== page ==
Then, in this critical situation, the decision was made: as long as there is an opportunity, to break through and take out the women who were in the basements to Java. There are two Zar roads: one is old, the other is new, a bypass. The women and I went to the old Zar road, I was on it for the first time in my life.
When we climbed the mountain, the view of Tskhinval opened. He looked like Stalingrad. There were several Russian infantry fighting vehicles on the road, but they did not enter the city ... Further along the road, Georgian villages met. There we were fired at by the Georgian BMP-2. I did not immediately notice her, she was camouflaged. Our BMP is all painted khaki. God bless this Georgian - ֪ BMP operator - because he didn’t get into us. We are on a white old gazelle barely crawling up the hill. He turned four rounds, and they lay right next to the gazelle. He shot from the bottom up, but the distance in a straight line was only about three hundred or four hundred meters which meant he could have been blown apart. I don’t know: whether he didn’t want to hit us, or he somehow didn’t take the target.
We jumped over the mountain and began to descend. Here we were shot at from a PC (Kalashnikov machine gun. - Ed.). It's good that we went under the slope, and they, it seems, only at the last moment we noticed. They gave a long line to the tracer, but according to us, thank God, they did not hit either.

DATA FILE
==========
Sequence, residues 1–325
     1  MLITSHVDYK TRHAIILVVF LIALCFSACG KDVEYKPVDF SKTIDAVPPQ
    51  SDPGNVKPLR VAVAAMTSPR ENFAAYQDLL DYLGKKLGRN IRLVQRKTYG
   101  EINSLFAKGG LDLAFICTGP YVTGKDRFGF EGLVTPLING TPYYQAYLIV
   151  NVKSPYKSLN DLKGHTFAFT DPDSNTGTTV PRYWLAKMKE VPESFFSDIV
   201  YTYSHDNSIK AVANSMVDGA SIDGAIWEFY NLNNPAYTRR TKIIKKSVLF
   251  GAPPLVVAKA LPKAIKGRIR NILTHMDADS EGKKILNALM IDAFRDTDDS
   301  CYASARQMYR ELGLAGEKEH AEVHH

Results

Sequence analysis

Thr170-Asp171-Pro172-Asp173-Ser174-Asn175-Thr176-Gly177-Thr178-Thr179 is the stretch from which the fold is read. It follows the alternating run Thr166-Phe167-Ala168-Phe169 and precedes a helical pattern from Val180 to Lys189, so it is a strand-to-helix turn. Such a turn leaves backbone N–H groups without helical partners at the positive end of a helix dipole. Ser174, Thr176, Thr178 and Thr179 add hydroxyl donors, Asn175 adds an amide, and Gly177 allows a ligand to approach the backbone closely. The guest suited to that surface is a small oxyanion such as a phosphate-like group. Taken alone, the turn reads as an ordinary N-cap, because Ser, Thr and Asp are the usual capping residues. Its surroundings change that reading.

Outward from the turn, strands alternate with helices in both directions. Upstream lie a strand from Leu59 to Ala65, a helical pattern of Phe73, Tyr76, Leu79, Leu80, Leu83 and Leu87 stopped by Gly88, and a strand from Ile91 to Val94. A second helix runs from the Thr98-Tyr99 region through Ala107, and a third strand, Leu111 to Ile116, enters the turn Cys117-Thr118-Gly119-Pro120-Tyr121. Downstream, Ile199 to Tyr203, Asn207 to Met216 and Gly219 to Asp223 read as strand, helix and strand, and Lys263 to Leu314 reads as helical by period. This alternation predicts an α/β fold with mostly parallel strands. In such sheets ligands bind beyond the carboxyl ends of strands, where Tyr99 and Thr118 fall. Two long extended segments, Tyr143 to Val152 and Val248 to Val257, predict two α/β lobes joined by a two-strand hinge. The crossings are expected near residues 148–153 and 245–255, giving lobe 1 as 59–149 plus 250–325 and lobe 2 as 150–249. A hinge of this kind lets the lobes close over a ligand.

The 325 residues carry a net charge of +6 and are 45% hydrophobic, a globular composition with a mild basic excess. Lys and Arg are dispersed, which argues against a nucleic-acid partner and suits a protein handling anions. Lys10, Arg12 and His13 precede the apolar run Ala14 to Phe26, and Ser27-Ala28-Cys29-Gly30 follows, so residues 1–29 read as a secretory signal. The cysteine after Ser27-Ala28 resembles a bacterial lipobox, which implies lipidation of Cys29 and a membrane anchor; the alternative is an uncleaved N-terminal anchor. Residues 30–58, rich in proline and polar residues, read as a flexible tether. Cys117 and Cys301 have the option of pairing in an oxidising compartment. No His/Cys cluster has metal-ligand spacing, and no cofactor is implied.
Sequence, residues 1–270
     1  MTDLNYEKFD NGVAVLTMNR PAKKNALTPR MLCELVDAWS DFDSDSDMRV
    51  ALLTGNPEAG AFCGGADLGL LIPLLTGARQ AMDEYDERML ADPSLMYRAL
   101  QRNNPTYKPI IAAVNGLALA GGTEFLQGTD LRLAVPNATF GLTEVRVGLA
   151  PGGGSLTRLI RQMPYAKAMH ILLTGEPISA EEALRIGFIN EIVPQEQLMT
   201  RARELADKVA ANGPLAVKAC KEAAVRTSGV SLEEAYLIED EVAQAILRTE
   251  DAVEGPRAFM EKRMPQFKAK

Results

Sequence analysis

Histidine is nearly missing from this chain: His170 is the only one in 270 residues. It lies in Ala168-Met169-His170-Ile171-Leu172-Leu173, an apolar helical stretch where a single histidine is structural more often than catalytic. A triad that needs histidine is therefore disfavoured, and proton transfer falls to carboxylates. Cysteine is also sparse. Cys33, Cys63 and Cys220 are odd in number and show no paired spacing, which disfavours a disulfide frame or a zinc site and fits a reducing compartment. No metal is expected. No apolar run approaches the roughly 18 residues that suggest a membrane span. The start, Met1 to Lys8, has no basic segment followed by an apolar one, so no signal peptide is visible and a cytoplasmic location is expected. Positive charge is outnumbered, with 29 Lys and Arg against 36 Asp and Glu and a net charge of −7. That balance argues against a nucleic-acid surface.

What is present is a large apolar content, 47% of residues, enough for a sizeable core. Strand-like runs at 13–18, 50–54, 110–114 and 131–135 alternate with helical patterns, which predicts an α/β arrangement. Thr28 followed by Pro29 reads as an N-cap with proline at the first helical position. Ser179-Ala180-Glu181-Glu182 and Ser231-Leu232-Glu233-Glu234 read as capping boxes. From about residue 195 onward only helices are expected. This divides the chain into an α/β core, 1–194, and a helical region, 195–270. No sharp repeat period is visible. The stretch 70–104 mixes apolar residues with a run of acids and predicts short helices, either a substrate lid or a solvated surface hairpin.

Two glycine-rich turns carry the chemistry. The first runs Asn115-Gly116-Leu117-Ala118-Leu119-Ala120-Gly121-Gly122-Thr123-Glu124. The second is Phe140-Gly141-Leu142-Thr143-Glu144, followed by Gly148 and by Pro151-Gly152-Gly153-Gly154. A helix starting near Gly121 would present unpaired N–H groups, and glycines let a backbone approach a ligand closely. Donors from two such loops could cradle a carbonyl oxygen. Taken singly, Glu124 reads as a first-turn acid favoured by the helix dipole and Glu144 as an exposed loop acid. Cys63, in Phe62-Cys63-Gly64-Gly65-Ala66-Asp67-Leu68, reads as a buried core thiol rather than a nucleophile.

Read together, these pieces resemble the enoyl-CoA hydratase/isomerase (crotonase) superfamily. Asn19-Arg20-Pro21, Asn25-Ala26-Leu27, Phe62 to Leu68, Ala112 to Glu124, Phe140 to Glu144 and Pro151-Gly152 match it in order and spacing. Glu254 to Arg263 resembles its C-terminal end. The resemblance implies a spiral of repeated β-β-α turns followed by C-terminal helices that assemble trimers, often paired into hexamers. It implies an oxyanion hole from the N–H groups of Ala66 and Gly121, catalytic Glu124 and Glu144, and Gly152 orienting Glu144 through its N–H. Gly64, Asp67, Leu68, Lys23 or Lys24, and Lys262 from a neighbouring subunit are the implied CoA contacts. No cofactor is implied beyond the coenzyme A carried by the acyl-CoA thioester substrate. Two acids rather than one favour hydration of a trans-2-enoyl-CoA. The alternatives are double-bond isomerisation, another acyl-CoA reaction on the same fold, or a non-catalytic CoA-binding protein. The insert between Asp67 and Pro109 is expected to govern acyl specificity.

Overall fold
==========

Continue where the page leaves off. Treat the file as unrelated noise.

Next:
Then we drove up to some village, where Russian tanks were already equipped with active armor, with guards badges on the hatches. We saw how wounded Russian soldiers were loaded into "Urals". Then we jumped out of the old Zar road to a new one. And our “sushki” were already there, at regular intervals - “Tunguski” (an anti-aircraft missile-gun complex for fighting air targets. - Ed.). And when we descended along the serpentine road to Java, we saw Russian tanks, armored vehicles marching towards us ... And at that moment we felt that victory would be ours.
The most terrible thing in all this nightmare was the doubt that the Russian leadership in general would decide on the deployment of troops. When I went down to the basement, the women cried because more than half of the city Georgians took. Stripping began, information appeared about the destruction of the civilian population. And women with crying asked: “Where is Russia, did she really leave us?” But Russia, thank God, did not abandon them in trouble.